Indigenous tribes spearhead fight against Amazon deforestation

Awapy Uru Eu Wau Wau is risking his life to save the only place he truly calls home in Brazil

Wau Wau (28) is one of some 250-odd members of a tribe called Uru-Eu-Wau-Wau, who have until recently been forced to watch helplessly as their home – a densely green 7,000 square mile of the Amazon forest habitat deep in Rondonia State in Northern Brazil – dwindles under the smouldering hand of illegal loggers and land grabbers who burn the forest and cut down trees for their economic value and also the fertile virginity the land provides.

“Nature is everything to us,” Awapy recently told CNN. “It is our life, our lungs, our hearts. We don’t want to see the jungle chopped down. If you chop it all down, it will definitely be hotter, and there won’t be a river, or hunting, or pure air for us.”

Which is why, in their small way, the Uru-Eu-Wau-Wau have decided to fight back. With the help of the World Wildlife Fund (WWF) and a local non-government organisation, the Kaninde Environmental Defence Association, Awapy and a select group of Amazon natives are using drone technology to try and scare away people illegally burning away their forest for crop farming and ranching; or at least get them to account for their crimes before the courts.

Awapy, his colleagues and fellow forest defenders, who comprise eighteen organisations in the area, started training with drones last December; getting lessons in how to fly the drones, and collect data using aerial image capturing and mapping software and hardware fitted on the drones they fly.

The nineteen drones donated to the eighteen organisations involved in forest protection help them cover large areas of forest which would otherwise take them way more time had they been doing it on foot. And it would be dangerous to their lives too; as physical encounters with the very people whose crimes they are trying to expose are likely to end in bloodshed.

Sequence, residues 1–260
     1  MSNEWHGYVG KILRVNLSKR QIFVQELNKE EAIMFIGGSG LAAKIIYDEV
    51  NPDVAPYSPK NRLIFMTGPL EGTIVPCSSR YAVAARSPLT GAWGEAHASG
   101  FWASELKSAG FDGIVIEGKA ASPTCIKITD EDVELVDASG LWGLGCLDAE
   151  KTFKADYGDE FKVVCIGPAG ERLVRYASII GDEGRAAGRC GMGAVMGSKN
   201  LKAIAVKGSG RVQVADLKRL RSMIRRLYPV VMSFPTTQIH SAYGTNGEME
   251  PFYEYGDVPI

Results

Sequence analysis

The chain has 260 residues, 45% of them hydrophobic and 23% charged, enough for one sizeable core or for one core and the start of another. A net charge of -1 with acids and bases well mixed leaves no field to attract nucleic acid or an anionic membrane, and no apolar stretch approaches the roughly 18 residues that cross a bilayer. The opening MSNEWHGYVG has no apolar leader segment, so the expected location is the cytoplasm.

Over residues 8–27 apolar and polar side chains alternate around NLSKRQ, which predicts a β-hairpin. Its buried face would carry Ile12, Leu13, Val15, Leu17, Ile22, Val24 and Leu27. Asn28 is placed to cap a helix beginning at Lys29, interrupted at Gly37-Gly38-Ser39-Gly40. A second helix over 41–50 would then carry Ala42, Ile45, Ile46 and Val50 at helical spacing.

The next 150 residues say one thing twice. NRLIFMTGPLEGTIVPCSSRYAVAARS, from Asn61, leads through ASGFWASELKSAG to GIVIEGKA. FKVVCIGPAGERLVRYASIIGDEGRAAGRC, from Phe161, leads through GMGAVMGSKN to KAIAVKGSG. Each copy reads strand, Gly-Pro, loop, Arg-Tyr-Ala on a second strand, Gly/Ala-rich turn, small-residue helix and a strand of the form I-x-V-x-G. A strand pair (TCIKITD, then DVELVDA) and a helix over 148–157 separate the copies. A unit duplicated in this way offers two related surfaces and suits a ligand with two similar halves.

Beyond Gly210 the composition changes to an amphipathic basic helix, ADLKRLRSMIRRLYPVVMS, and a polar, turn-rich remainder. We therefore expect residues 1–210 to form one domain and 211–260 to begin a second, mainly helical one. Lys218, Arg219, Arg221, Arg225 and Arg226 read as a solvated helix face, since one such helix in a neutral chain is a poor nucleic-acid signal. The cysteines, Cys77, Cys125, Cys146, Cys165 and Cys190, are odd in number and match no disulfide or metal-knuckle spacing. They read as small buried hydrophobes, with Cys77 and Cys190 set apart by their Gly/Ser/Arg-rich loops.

Awapy and his team found this denuded patch of land on their first drone patrol in december 2019. Photo Marizilda Cruppe/WWF

Awapy says he has received death threats for his work protecting the forest, but the will to protect the forest for future generations keeps him focussed.

“I like what I do, especially defending the jungle, because I grew up in it and I still live here. That’s why I defend it, for those who died defending our territory, who have passed on. I want to keep fighting for their sake.”

Once every month, Awapy leads a team of a dozen patrol men and women who, on their very first drone patrol, espied a piece of land roughly 1.4 hectares which had been stripped bare of forest cover. The forest protectors’ job is to gather such evidence and then forward it to authorities who will act from an informed point of view. Thus far, the WWF reports that the National Indian Foundation (FUNAI) – the Brazilian government body responsible for managing policies relating to indigenous people – has been able to use geographical coordinates provided by the Uru-Eu-Wau-Wau to investigate illegal logging in the region.

As far as Felipe Spina Avino, the senior conservation analyst for WWF-Brazil is concerned, the teams are enjoying their job despite the dangers involved, and they have clearly fallen in love with their newly acquired eyes in the sky, if only for the reason that the drones give them the unique opportunity to view the splendour of the Amazon forest from high above. Spina Avino extolled the powerful virtue of combining drone technology with the natural topographical knowledge the locals have, which has helped pinpoint the areas most in need of conservation.

Rondonia was one of the states worst affected by last year’s fires, and just this past May, the defence ministry confirmed that President Jair Bolsonaro had to deploy troops to stop illegal logging and other criminal activities that could damage the rainforest.

Similar efforts to protect and restore lost forests are underway in Madagascar, which has lost nearly 90 percent of its original rainforest to slash and burn agriculture. Government and non-government efforts at reforestation have recently recently turned to drones, which are being used to plant millions of trees.


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